...which lasted from the middle of the first to the end of the second century AD, came to be written in Greek script. This is unique among Iranian languages, and it shows that the Kushāna had a longish period of cultural interaction with the Greeks. In AD 44, 190 years after the fall of the Indo-Greek kings, the sage Apollonius of Tyana...

Wait, who?  Wikipedia:  "With the exception of the Adana Inscription, little can be derived [about Apollonius of Tyana] from sources other than Philostratus."


Not that I care but...who was Philostratus?

There is a footnote:  "The source is an Athenian sophist, Philostratus, whose Life of Apollonius of Tyana was commissioned at the end of the second century AD by the wife of the Roman emperor Septimius Severus. This is a work of devotional literature, and so its accuracy has been questioned; but Woodcock (1966: 130) argues that archaeology shows the author was in fact well informed about details of this land so remote from contemporary Rome and the Mediterranean."
...is said to have had no difficulty communicating in Greek on a tour that took him all the way across the Hindu Kush to Taxila, where he was entertained (in Greek) by a Parthian king, who expatiated on his own Greek-style education.

Taxila, as every schoolchild knows, is in modern Pakistan.  This epic journey, which would make him sort of a western Xuanzang, traveling to the subcontinent in the footsteps of Pythagoras (?) in search of authentic knowledge is not, I should emphasize, NOT generally accepted as authentic by the consensus modern scholarly view, which is to fall down laughing and slapping the knee at the gullibility of anyone who thinks Appolonius ever got as far as the Cappadocian border.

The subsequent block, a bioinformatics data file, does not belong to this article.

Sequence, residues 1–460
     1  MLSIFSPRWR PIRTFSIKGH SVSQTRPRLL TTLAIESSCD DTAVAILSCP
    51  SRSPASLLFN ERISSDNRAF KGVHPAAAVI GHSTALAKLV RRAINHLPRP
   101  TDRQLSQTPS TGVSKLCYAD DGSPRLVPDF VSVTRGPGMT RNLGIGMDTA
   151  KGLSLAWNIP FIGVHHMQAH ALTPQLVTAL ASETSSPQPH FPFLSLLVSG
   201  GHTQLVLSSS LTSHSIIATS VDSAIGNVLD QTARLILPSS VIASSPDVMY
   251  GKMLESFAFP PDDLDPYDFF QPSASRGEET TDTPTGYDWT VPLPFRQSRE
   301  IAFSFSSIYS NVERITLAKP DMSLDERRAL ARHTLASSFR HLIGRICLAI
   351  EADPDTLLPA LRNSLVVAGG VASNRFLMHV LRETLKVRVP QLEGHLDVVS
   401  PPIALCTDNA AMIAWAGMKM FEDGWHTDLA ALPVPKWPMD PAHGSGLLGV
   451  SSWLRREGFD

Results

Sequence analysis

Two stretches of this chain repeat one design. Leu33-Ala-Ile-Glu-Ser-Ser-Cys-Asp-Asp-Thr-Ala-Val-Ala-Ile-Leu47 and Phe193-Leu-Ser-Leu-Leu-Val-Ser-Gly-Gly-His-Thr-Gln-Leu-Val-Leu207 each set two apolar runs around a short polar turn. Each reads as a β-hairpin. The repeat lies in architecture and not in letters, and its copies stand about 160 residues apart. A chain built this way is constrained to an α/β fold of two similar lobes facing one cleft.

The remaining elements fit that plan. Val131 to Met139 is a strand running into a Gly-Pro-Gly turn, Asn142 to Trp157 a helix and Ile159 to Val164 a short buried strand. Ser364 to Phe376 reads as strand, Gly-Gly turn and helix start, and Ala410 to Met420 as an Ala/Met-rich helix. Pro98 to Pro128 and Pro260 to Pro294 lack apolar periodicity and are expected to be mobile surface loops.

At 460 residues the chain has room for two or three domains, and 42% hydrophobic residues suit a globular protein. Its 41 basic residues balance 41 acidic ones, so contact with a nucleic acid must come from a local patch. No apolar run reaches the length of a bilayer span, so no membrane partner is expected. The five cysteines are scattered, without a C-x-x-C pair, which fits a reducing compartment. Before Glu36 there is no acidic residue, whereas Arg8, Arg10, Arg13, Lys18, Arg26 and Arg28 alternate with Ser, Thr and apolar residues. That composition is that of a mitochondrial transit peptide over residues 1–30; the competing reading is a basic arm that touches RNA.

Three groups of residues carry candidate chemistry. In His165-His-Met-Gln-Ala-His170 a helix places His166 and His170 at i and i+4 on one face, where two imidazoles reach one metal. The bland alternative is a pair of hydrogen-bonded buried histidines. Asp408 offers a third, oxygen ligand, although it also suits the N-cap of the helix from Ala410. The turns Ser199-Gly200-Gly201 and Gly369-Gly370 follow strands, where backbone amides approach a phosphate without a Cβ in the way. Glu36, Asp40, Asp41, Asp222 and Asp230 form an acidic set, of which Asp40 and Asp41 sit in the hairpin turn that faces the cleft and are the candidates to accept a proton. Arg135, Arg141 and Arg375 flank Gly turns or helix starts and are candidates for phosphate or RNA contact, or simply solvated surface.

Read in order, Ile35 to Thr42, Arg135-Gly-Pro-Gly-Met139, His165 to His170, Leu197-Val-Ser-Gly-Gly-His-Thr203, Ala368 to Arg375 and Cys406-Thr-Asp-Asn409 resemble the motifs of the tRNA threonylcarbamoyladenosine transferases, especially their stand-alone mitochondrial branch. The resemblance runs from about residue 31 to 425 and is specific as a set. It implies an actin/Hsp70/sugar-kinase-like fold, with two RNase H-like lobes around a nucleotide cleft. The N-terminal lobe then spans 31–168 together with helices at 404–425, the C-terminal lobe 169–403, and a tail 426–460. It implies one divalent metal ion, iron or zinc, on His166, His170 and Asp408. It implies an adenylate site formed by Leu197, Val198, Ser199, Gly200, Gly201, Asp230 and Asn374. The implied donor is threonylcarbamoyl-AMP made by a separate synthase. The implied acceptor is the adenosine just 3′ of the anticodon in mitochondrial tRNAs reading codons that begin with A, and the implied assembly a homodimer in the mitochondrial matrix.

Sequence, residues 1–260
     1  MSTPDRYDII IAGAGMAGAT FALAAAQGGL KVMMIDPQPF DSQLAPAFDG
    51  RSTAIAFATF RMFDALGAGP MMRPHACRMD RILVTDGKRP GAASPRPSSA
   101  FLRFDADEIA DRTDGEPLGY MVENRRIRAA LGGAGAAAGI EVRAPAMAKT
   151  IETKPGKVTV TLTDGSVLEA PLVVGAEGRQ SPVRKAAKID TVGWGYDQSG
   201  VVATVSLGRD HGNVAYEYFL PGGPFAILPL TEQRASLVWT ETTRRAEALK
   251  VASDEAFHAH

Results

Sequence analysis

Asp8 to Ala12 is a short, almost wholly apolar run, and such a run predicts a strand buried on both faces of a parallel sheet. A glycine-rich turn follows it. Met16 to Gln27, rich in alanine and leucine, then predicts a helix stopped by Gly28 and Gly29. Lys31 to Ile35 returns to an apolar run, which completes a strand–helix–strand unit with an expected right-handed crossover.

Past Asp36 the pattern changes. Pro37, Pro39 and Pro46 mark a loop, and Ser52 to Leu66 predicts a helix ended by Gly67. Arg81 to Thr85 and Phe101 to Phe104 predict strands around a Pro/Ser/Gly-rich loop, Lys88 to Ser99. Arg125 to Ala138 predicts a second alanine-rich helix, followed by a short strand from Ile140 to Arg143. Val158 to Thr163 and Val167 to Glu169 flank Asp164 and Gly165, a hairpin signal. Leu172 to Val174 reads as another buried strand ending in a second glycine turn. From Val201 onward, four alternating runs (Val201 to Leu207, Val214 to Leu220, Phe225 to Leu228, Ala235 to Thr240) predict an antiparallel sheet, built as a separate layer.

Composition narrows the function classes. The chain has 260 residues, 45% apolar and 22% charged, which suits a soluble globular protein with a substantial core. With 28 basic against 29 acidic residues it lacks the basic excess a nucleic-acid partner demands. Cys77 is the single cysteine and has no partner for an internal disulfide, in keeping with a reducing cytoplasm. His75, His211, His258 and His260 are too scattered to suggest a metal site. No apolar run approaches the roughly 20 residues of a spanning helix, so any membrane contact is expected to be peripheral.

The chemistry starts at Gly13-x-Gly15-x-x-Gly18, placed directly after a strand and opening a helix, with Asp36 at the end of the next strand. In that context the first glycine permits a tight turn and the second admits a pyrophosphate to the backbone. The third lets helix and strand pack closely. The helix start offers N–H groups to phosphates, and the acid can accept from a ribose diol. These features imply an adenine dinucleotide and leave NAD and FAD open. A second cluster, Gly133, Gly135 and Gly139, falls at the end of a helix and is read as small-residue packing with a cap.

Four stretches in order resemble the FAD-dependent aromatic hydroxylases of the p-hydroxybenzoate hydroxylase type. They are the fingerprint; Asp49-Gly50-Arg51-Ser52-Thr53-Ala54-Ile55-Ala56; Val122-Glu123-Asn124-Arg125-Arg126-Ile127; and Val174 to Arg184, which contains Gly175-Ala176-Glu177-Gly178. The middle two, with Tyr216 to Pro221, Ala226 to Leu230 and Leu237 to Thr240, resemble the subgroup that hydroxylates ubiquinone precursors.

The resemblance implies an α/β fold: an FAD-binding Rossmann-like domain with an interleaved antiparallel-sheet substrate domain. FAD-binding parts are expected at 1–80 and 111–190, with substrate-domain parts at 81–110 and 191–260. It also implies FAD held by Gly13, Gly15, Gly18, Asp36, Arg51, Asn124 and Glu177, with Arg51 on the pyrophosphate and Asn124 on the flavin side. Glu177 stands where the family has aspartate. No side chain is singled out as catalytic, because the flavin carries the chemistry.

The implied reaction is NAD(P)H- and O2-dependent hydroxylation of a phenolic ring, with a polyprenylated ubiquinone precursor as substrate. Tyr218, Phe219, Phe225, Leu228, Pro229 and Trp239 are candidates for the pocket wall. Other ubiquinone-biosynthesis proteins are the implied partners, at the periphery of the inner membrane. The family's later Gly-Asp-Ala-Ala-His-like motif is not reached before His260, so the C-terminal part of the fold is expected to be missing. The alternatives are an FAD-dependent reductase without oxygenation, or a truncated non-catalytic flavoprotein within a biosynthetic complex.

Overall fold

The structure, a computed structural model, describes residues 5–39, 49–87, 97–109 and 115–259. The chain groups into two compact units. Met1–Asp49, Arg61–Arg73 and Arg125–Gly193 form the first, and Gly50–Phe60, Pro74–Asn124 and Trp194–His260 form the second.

But a fair-minded reader must allow some credence of the testimony of Philostratus, and the existence of deceptive 19th century forgeries does not change the possibility that the journey might have occurred, and that the anecdote is therefore accurate, although we can only speculate on the motivations of the forgers.

The larger point is clear enough.  All we really need is to track down some corroborating evidence that Parthian kings were speaking Greek in the first century AD.  How hard can that be?  Let's just take a quick look at a list of Parthian kings...oh no, ha ha...NO.  We'll study the "king-a-week kingdom" another time.  Good-night.

Let's see...640 pages in the book, and I'm getting through about a page a day. Look for the Eisengeiste review of Empires of the Word sometime in 2019.